Etihad-Emirates merger on the front burner

BE2C2 Report — Etihad and Emirates airlines, both based in the United Arab Emirates, are bitter rivals, but increasing competition may soon turn them into partners.

The ruling families of the United Arab Emirates, which control the Emirates and Etihad airlines, have held talks about possibly merging them, the Handelsblatt reports citing several sources.

The Gulf carriers are reportedly experiencing turbulent times after years of growth and expansion: both are struggling with falling profits and a changing industry. The possibility of consolidating the two state-owned carriers would not be easy, and require a huge amount of effort, but is clearly not out of the question anymore, the report said.

Etihad has in the past said it is not even considering scenarios that would include a closer association, let alone a merger, with Emirates. The airline said that there are currently no talks between the two companies, while Emirates did not respond to a request for comment by Handelsblatt.

But there is change in the air. The Gulf states have three big airlines: Emirates, Etihad and Qatar Airways. All three have experienced substantial growth since their inception, despite operating in a region with a small number of homegrown passengers. The UAE has a total population of about nine million: the same as London.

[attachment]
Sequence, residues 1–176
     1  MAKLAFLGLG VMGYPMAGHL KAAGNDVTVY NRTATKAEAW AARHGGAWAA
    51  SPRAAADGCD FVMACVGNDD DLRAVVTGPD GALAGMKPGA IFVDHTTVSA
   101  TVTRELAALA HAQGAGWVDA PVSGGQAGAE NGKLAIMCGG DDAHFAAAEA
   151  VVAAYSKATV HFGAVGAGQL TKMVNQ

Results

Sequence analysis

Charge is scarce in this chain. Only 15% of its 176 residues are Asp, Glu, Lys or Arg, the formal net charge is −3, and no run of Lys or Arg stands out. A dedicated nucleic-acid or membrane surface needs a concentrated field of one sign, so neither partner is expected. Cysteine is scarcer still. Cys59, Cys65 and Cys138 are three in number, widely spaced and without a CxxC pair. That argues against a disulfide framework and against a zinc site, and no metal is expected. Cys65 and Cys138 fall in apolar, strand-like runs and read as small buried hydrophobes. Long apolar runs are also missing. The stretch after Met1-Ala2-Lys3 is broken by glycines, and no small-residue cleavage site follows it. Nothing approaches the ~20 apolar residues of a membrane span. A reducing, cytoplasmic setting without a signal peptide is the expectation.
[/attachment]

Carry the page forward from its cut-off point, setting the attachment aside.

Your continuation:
This small population had not impacted the airlines for several years. But times are changing. Emirates announced a 75 percent fall in half yearly profits in November. Etihad meanwhile announced at the end of last year that it would evaluate its global strategy as it continues to battle with persistent losses from its stakes in German airline Air Berlin and Italian flag carrier Alitalia.

The Gulf-based airlines are reaching their limits and must change their operations to stay competitive. Lufthansa and Etihad last month agreed to a code-sharing partnership on flights from Frankfurt to Rio de Janeiro and Bogota.

Lufthansa boss Christian Spohr said last month in Abu Dhabi that he expected more rationalization among the Gulf Airlines, but did not specify what he meant.

Etihad and Emirates have a lot of overlap. Their respective hubs in Abu Dhabi and Dubai are only 140 kilometers apart, for example.

“Economically and strategically, a cooperation, or maybe even merger, between Etihad and Emirates would without a doubt make sense,” said Gerald Wissel of Hamburg-based aviation consulting agency Airborne Consulting. “But a lot of national sensitivities would have to be overcome. It’s not a simple topic.”

Meanwhile, the big three U.S. carriers – American, Delta, and United – are battling rapid U.S. expansion by Middle East carriers Emirates, Etihad and Qatar, citing their “subsidized rates” going against the business concept of even playing field, Forbes reports.

“If Emirates can come in and lose significant amounts of money, and the {Dubai} government will make up their losses, it’s not fair competition,” the United Airlines President Scott Kirby said.

“We can compete on a level playing field with any airline in the world, but we can’t compete with subsidized airlines,” Kirby said. “It’s no different than dumping steel or dumping tires. You’re selling below costs.”

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